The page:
3. Test offering free shipping only on select items
    4. Increase prices to compensate for the shipping losses

    You could even try conducting another little experiment—do an unannounced, one-day only “free shipping” promo, then see how your conversion looks compared to an average day’s sales. If you notice a substantial spike in sales, you can infer that many of the people who visit your site in an average day, but elect not to buy anything, do so because of your shipping rates.

    It is not always feasible for businesses to offer free shipping, or even necessarily to reduce shipping costs; however, every little bit helps. Try to make your shipping rates as competitive as possible.

    S&H Costs Listed Too Late During Checkout

    As discussed earlier, unexpected shipping costs were the #1 reason consumers pulled out of ecommerce purchases.

    It’s a smart move not to try and hide your shipping rates from your shoppers by burying them in the checkout process. Your shoppers won’t forget to check the shipping rates, and when they do, it offers another point at which they can back out of the sale.

    Estimated Shipping Time too Long Relative to Cost

    Merchants aren’t the ones who actually deliver the package, so you can’t really make the rules about how long it will take for merchandise to arrive.

    However, you can offer your customers some reassurance by providing tracking for their orders. At least this way, shoppers feel like they have some measure of control over the situation.

    Didn’t Want to Register/Create an Account in Order to Purchase

    Customers additionally cited being prompted to create an account before checking out as serious annoyance. As a merchant, building barriers between yourself and your customers is the last thing you want to do.

    Creating a mandatory account before checkout is extra friction, and removing that source of friction can dramatically boost sales. Fashion retailer Asos decided to do just that, and saw a 50% increase in shoppers making it to the checkout line as a result.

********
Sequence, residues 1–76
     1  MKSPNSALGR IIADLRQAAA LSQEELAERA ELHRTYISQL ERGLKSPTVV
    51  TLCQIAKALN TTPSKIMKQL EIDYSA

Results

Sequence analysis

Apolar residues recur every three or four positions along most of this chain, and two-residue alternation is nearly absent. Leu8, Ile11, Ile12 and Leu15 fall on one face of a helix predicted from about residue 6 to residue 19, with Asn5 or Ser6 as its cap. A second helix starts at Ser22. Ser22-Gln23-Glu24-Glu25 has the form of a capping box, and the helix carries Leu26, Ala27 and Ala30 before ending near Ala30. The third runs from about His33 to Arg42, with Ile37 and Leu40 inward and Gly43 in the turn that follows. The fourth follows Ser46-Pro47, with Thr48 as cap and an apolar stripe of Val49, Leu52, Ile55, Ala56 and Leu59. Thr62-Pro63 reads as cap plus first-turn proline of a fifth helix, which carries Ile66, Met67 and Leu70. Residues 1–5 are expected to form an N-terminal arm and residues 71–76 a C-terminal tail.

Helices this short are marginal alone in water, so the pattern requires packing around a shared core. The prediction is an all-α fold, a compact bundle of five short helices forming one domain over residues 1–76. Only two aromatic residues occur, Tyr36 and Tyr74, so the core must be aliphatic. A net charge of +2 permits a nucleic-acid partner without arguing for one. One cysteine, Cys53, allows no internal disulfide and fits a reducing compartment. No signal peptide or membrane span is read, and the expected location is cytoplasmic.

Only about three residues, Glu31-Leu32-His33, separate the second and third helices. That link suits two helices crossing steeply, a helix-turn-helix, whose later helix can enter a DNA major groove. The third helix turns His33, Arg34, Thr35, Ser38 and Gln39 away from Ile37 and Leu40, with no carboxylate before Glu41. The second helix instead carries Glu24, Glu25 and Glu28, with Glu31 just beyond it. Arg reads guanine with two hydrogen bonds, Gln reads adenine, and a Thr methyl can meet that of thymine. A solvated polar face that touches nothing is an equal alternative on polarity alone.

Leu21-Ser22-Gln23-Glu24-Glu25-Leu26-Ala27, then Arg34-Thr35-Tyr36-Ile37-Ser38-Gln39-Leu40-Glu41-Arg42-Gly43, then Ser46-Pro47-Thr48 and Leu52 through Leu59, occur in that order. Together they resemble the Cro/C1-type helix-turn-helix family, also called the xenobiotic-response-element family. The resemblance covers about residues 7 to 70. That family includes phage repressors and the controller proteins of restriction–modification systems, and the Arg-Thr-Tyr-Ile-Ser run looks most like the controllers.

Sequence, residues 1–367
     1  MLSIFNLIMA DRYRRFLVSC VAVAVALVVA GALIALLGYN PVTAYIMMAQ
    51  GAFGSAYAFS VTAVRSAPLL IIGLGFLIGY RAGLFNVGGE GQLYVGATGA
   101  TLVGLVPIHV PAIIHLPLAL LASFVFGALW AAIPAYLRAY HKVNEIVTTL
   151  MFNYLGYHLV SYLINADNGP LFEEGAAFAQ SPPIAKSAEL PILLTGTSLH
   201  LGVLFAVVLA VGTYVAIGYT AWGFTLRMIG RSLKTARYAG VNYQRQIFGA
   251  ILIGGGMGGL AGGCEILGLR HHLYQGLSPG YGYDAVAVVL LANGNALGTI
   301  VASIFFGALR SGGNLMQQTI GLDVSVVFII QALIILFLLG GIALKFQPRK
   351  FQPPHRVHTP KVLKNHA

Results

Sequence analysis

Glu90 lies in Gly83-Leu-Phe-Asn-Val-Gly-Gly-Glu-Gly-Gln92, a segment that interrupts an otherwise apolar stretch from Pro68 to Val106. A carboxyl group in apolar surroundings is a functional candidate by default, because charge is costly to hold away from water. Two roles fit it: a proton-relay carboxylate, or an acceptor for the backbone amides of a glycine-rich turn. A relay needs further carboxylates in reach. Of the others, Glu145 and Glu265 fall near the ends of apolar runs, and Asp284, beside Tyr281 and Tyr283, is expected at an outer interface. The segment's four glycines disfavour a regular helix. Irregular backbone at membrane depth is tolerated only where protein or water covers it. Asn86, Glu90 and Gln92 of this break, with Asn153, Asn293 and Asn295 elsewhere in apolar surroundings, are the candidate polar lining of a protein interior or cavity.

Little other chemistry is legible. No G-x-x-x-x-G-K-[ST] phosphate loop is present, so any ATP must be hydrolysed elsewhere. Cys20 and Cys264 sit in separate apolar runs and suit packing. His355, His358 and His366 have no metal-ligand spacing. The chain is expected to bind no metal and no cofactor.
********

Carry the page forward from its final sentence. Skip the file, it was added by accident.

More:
Reducing friction is a major way to boost conversion, so while we’re on that subject, let’s also talk about mobile usability for a moment.

    It’s no secret that mobile shopping plays a major role in ecommerce at this point, so there is really no excuse not to have a functional mobile site. At the same time, it’s amazing how many merchants either don’t know or simply don’t care how awkward their site is to navigate using a mobile device. Take the time to create a mobile version of your website, and you should quickly see a jump in sales.

    Preferred Payment Option Not Accepted

    You should want to offer as wide a range of different payment methods as possible, especially if those methods are free to sign-up. While this could encourage shoppers to opt for payment method that cost you more money, it’s better than losing out on all of those sales.

    Examples of the different payment options you can consider include:

    • Major credit/debit cards (Visa, MasterCard, Discover, AMEX, UnionPay and JCB)
    • PayPal
    • Google Checkout
    • Bitcoin
    • Apple Pay/Samsung Pay

Less Friction = Higher Conversion

Merchants will never see shopping cart abandonment totally vanish. However, recouping even a small fraction of the massive amount of money lost by merchants each year to shopping cart abandonment is a huge addition to the bottom line.

 

Stat Source

Monica Cardone